The first tenet of the mission of Chico Country Day School is to hold each child to clearly articulated, high expectations for academic achievement. We achieve this tenet by developing thoughtful projects that
connect with students’ interests, engaging in critique and feedback, and presenting beautifully crafted work to an authentic audience.
Our instructional strategies include project based learning as well as workshop models that allow for personalization of student learning. Relationships are at the core of what we do an essential function of schooling is to foster the creation of deep and meaningful relationships.
Traditional core subjects: math, science, history, and English will be integrated into projects. Many projects will also include physical education, health, computer science, art, and music.
What a child accomplishes as a result of study is tremendously important. Most assessment at CCDS will be performance based: students develop projects, solve problems, write reflections of their findings, and often present them to a panel or during exhibition (usually comprised of teachers, community members, and other students). Consequently, our students are given traditional exams and tests sparingly. At CCDS, the measure of accomplishment lies primarily in the student's’ ability to explain or demonstrate his/her learning from the beginning of the project to the end.
In addition to the performance assessments, teachers will monitor growth and progress through formative assessments throughout the year and adjust and support students as needed.
At CCDS, regular feedback for our students is important to ensure that children are aware of the progress they are making regarding their learning and understanding. Students will often present their work for critique and feedback by peers, teachers, and adults in the field of study. This cycle of drafting, critique, and revision supports students in seeing what is Chico Country Day Charter School Student worthy, beautifully crafted work. Families will also be a part of this feedback cycle as participants in exhibitions throughout the year.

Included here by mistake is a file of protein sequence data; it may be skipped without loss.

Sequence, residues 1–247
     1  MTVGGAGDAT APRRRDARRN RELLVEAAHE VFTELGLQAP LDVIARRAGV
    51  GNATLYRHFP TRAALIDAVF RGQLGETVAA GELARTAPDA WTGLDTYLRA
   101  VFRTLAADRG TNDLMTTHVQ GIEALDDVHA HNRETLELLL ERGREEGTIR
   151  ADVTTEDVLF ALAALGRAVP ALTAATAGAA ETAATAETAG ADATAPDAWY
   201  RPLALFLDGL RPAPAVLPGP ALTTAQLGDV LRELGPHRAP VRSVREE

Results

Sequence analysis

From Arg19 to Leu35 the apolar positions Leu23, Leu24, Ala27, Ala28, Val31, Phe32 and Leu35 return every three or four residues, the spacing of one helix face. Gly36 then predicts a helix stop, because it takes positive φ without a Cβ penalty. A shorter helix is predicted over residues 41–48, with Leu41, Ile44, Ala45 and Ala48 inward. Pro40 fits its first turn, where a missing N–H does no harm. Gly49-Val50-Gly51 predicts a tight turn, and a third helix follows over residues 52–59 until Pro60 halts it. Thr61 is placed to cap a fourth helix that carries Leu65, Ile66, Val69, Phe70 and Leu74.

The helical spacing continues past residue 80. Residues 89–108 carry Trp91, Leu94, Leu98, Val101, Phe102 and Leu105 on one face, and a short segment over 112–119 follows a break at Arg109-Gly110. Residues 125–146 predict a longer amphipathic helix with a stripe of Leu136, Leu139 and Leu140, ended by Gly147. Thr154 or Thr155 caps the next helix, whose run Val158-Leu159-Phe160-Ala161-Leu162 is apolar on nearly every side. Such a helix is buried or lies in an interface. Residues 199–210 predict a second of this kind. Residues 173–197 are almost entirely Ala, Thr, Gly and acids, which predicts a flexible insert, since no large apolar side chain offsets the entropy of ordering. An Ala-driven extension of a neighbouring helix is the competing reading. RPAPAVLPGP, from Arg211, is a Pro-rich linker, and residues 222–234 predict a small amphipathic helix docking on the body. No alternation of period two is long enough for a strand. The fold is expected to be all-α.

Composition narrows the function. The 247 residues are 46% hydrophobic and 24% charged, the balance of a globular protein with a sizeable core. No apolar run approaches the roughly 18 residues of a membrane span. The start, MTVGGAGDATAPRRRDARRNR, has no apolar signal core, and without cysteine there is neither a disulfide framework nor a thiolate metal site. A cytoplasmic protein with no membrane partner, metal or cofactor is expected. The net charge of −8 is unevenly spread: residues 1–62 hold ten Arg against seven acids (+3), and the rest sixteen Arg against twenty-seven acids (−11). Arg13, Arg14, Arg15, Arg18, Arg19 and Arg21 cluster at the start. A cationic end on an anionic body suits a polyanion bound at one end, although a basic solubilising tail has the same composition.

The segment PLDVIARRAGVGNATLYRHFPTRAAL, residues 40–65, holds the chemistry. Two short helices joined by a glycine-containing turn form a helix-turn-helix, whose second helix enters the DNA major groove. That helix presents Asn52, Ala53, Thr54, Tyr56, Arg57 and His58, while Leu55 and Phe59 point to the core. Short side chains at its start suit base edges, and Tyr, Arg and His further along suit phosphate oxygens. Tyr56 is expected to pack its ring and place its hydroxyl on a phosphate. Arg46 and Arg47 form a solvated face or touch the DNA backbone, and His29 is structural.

While we utilize a traditional method for communicating progress on report cards, teachers emphasize the process of learning, collaborating, articulating and reflecting on learning experiences.
CCDS utilizes a set of beliefs and values - what we call our Lifelong
Guidelines and Lifeskills - to help us define how we (students,
teachers, community members) interact and work with one another.
There are five Lifelong Guidelines which, taken together, represent the
expected behaviors of a CCDS community member. Community members are
expected to strive to use the Lifelong Guidelines in their daily
interactions and students are held accountable to the Lifelong
Guidelines throughout their entire CCDS experience. Families will be
notified when students are both exemplifying and contradicting them. The
five principles are listed below.
Trustworthiness: At CCDS we effectively act in a manner that makes one worthy of trust and confidence.
Truthfulness: At CCDS we believe that everyone should be honest about things and feelings with oneself and others.
Active Listening: At CCDS we listen with the intention of understanding what the speaker intends to communicate.
No Put-Downs: At CCDS, we strive to never use words, actions and/or body language that degrade, humiliate, or dishonor others.
Personal Best: At CCDS, we do our best given the circumstances and available resources.